What it's done for me?

So what has it done for Sketches in Travel? Well I've seen a huge increase in traffic, with a number of my posts having more individual views than I could ever imagine. My Coffee and Travel and 1040 to Corfe Castle being examples. I get more comments from readers, my blog posts are appearing on the first pages of google searches and I've started to get some interest from companies and individuals to review products / books. What more could I ask for? So who knows what's around the corner? I'm not a grandmaster (keeping with the chess theme) but I'm certainly improving and enjoying it more. Enjoyment is the key element here. It's fun and this challenge has just emphasized that. 
What move shall I make next?

Why you should join
Why spend the next 30 days blogging? Well its a no brainer really. I'm a blogger that's just come out of his nappies and this challenge has helped to push me onto the next level. My confidence in my own writing abilities has grown, my content is better and hopefully more interesting. You are the judge of that mind, so please let me know. So whether you are a seasoned blogger or new to the blogging landscape please give it a go. You really won't regret it. Anyone for a game of chess?

To join the challenge click on the link below and sign up for Sarah's e-mails 30 day blog challenge. And once you do please let me know because I'll support you all the way. 


SHARE:

10 August 2015

easyjet

Air travel the low cost way 
It's easy (sorry for the pun) to mock and stick our noses up at flying low-cost but when you don't have the funds to turn left on a scheduled airline the alternatives are far and few between. So sketches is going to praise a particular flight we went on recently with easyJet and put it out there that flying low cost isn't as bad as many feel it is. 


Our plane home from Menorca
easyJet
easyjet are a UK based low cost airline flying over 700 routes to 32 countries. They are the UK's largest airline and Europe's second largest behind Irish low-cost carrier Ryanair. When we flew with easyJet we were just four of the 60 odd million that fly with them each year. All impressive figures and a familiar sight in our European skies. But why am I waxing lyrical about them?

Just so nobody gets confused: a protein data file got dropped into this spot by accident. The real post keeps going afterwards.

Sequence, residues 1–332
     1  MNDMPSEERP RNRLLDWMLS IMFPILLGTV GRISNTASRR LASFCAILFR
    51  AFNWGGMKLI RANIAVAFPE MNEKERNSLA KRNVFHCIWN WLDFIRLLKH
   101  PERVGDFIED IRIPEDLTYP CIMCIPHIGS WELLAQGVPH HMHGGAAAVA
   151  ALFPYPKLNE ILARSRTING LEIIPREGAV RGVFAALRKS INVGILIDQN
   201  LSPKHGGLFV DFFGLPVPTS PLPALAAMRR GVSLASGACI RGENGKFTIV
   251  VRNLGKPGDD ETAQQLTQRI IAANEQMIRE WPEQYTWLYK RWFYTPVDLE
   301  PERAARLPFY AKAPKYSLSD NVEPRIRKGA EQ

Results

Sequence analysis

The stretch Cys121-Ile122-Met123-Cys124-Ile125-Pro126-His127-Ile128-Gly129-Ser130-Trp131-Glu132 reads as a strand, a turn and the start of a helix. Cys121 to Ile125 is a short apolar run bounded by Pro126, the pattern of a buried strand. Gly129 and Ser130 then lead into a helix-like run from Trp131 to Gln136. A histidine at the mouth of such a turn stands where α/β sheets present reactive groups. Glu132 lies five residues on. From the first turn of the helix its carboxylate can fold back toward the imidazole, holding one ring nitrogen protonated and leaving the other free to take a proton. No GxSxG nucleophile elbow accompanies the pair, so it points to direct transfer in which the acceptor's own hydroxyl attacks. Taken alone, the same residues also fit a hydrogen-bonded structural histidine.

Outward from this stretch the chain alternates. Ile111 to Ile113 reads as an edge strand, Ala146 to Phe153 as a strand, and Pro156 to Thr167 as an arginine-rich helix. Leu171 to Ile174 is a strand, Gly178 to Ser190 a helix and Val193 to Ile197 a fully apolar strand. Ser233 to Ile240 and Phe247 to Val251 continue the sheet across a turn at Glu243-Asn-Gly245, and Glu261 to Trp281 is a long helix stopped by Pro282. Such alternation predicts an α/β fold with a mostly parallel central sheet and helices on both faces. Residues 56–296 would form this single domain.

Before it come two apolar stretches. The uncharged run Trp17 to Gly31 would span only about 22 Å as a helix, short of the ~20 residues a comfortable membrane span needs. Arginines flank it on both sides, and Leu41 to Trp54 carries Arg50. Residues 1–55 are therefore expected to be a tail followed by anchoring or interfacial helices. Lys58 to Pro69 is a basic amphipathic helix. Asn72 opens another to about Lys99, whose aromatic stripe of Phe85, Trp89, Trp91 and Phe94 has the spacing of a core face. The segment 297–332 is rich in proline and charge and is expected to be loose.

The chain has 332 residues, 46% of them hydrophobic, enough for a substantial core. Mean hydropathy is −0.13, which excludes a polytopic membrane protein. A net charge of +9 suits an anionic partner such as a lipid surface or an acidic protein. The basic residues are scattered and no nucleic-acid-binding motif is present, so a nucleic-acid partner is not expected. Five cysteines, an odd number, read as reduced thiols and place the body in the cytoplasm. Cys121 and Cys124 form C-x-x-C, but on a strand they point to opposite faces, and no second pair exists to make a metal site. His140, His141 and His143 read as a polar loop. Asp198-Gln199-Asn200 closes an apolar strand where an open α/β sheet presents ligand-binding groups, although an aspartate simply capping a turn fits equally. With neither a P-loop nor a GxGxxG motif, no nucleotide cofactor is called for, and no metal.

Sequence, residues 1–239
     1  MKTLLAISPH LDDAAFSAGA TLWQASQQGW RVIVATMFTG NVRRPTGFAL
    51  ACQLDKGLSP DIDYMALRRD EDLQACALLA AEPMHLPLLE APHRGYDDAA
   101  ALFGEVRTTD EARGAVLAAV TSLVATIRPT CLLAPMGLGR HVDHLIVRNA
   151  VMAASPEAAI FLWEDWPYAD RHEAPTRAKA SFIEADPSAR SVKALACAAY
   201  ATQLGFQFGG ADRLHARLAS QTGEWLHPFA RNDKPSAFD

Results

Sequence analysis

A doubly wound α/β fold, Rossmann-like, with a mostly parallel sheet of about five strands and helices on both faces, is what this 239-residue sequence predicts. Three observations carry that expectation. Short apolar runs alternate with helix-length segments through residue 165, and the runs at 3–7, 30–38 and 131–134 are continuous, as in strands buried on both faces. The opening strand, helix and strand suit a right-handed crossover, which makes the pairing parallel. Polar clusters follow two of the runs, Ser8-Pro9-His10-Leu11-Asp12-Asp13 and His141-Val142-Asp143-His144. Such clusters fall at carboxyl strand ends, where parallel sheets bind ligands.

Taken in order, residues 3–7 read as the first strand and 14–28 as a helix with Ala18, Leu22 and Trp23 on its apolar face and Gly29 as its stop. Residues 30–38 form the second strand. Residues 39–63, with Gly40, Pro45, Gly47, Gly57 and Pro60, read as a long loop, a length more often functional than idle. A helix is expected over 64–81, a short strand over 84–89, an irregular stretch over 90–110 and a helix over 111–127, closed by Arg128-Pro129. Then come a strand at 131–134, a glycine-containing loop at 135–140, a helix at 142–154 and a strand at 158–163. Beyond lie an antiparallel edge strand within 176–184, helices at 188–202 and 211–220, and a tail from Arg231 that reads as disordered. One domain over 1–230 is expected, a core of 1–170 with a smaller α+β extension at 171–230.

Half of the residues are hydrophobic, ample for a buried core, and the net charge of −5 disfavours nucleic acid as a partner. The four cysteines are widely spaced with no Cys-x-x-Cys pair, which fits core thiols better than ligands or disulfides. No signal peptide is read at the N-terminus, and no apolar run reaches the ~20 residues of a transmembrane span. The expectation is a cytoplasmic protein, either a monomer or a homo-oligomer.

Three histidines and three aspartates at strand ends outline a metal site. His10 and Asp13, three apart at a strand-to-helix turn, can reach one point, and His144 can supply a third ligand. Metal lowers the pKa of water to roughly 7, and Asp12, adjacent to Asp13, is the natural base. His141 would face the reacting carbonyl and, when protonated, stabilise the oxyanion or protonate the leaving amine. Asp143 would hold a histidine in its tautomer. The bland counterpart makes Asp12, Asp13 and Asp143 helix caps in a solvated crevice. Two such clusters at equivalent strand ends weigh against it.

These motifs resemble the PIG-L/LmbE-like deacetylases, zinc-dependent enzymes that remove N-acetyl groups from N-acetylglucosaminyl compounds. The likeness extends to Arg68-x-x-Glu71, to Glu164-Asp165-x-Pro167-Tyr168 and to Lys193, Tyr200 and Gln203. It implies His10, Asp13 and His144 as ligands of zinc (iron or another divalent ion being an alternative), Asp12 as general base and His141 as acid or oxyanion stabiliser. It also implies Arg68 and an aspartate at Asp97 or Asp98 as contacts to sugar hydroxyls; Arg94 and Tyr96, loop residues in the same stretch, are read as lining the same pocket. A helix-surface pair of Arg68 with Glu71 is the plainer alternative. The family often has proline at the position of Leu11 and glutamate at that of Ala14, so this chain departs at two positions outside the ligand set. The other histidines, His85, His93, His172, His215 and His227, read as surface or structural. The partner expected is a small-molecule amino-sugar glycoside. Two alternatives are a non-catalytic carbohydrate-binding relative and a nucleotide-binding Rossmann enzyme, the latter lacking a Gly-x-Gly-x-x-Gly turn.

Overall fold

Our story
On our recent trip abroad we had a very pleasurable experience with easyJet. Although it started in chaos. Spanish ground staff really do have no concept of time! Leisurely strolling to their desk as if nothing matters and that 200 odd people didn't really want to catch a flight! That aside all was fine. It was on the flight that the staff excelled. 

Weather

Because Europe was being battered by winds and heavy rain our flight was delayed, originally for an hour. Not great as everyone was aboard and the doors closed ready for the off. And this is where I was so impressed. The crew were incredibly friendly and helpful (not the norm with low-cost on previous flights). They were very child friendly which as the flight was packed with kids was a huge bonus, talkative, reassuring and full of fun. Not to be outdone was the pilot, who also joined in on the act. 

The happy pilot

Our pilot was a bit of a joker (wish I had remembered his name). Before takeoff and during the flight he spoke with humour when relaying to us the weather back home (had forgotten his umbrella!) and other humourous details. Including upon arrival after a bumpy descent into Southend Airport.  Passengers chuckled as did I at his comments. What I'm trying to get at here is that it was all very reassuring and you could see that every one of the crew were enjoying their roles from pilot to attendant. Flying is a serious business but with a little added humour and a smile it made the flight one of the most pleasurable I've had for many a year.